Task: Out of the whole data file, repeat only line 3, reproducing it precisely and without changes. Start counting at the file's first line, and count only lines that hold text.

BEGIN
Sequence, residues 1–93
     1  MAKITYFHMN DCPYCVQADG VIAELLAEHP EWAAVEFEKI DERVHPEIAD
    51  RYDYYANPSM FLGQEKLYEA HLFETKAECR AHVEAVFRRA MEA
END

    51  RYDYYANPSM FLGQEKLYEA HLFETKAECR AHVEAVFRRA MEA